Great Flames From Little Sparks

The Coen Brothers were always going to struggle to match the Oscar-winning glories of No Country For Old Men, but taken for what it is, a pitch black political comedy, Burn After Reading is a fine achievement, made all the more engaging by a series of clipped, breakneck performances from their ensemble cast of familiar faces. It’s not an essential film, but it is far superior to their other recent quick fire comedies, the lacklustre Ladykillers remake and the terminally dim Intolerable Cruelty.

Set in a bleached-out, industrially austere Washington DC, Burn After Reading (the title comes from a command stamped on a CIA folder), opens with short, tight-knit scenes that establish the main players. At CIA headquarters in Langley, obnoxious and perpetually disgruntled middle-manager Osborne Cox (John Malkovich, forever pursed), quits his job before he can be demoted for his secret drinking. He arrives home to tell his doctor wife Katie (an icy Tilda Swinton), that he plans to retire and write his memoirs.

Katie has a secret of her own; she’s been having an affair with the smirking lothario Harry Pfarrer (George Clooney), a married cop with an inability to remain silent for two minutes. Meanwhile, Osbourne has mislaid the computer disc containing the first draft of his not-so-sensational book and, more pressingly for Katie and her divorce lawyer, the details of their financial affairs. It turns up in the locker room of Hardbodies Gym and, through various machinations, into the hands of personal trainers Linda Litzke (Frances McDormand) and Chad Feldheimer (Brad Pitt). Linda is lonely, forever searching dating websites for Mr Right Now and dreaming of expensive cosmetic surgery, which she thinks can save her from eternal spinsterhood. But a body overhaul doesn’t come cheap, so she and man-child Chad hatch a plan to blackmail Osbourne for $50,000, threatening to go to the Russians if he doesn’t comply.

From that point on, everyone is fair game, and the Coens take some considerable relish in making them squirm before dropping the axe. As we have come to expect from these most technically exacting filmmakers, Burn After Reading is set to a dizzying blueprint of character intersection, story revelations and surprises. The trademark rapid-fire Coen dialogue zips from the screen, to an accompanying progression of o-faced reaction shots, slapstick tumbles, winks and widened eyes.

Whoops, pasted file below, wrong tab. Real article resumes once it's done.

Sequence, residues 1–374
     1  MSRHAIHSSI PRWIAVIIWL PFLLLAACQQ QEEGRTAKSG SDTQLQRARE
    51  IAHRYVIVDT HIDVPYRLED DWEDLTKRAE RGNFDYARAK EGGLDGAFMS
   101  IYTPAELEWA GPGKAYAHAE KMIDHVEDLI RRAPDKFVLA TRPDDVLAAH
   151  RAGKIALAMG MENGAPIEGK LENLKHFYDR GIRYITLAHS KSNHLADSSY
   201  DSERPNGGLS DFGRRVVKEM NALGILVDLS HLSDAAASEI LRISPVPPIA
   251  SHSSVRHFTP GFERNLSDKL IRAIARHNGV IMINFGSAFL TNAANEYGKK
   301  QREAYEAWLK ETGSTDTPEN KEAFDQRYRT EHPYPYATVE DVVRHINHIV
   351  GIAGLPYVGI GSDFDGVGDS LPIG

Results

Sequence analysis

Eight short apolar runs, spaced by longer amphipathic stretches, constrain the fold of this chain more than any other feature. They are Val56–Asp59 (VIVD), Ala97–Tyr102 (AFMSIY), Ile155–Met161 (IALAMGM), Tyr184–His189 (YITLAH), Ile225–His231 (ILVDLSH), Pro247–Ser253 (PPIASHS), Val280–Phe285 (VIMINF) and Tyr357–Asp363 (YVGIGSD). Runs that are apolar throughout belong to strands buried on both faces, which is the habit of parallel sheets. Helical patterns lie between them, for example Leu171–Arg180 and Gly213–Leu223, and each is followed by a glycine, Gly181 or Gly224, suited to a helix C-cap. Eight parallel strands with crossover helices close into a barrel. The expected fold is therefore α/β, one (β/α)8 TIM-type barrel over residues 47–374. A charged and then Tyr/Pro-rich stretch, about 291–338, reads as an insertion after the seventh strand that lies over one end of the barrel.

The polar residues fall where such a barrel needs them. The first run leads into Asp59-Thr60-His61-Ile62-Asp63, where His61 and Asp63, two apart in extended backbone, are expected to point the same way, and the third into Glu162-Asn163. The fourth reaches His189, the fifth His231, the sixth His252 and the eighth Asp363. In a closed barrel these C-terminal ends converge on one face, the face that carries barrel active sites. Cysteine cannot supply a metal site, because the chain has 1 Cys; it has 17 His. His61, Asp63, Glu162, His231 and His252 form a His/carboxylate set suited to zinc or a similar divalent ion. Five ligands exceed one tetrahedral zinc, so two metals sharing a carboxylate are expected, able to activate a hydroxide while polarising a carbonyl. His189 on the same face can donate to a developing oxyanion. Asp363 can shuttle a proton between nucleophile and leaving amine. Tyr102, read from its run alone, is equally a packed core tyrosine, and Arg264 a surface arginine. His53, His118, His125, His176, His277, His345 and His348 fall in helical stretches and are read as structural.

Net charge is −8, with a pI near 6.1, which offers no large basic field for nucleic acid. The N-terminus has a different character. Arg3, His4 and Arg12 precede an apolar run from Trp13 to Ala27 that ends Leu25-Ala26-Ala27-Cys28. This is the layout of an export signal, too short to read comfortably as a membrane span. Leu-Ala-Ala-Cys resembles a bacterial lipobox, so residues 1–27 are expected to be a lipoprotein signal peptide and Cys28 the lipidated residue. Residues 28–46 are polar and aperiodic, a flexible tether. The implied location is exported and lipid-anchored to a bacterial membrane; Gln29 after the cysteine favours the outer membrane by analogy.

This is a bureaucratic, uncomfortable place where nobody listens to a word anyone is saying, everyone betrays everyone else and interpersonal relationships are difficult to form and impossible to maintain. These people are enthusiastic adulterers and fast-learning blackmailers but don’t appear to find any pleasure in their transgressions beyond a perfunctory ego-massage or a quick-fix moment of criminal thrill. They aren't nice people, but that hasn't stopped the Coens before. They aren't as smart as they think they are, but the Coens are smarter than all of them put together. The problem is that they can't combine smart, dumb, crafty and naive to become wholly interesting characters.

The sustained theme is that things are never what they seem to be on the surface. Nothing, not a marriage, a memoir, a classified secret or an internet dating site, is what it really is, and none of it is worth the effort the protagonists put into maintaining the façade. The Coens maintain a distance by opening the story with a Gods-eye view of the American continent before zooming in on Washington, where these little people scrabble around in a mess of their own creation. The ending is the same shot, reversed.

If that sounds cold, it is supposed to be; Burn After Reading drips with misanthropy and cynicism. It is an American film of its time. As each of the various strands bundle together, the directors drop in a running commentary from a pair of pernickety CIA spooks (David Raschke and J.K. Simmons), who have all the information they need on the major players but are waiting “for it all to make sense”. The fact that it never does is the sourest joke of all.

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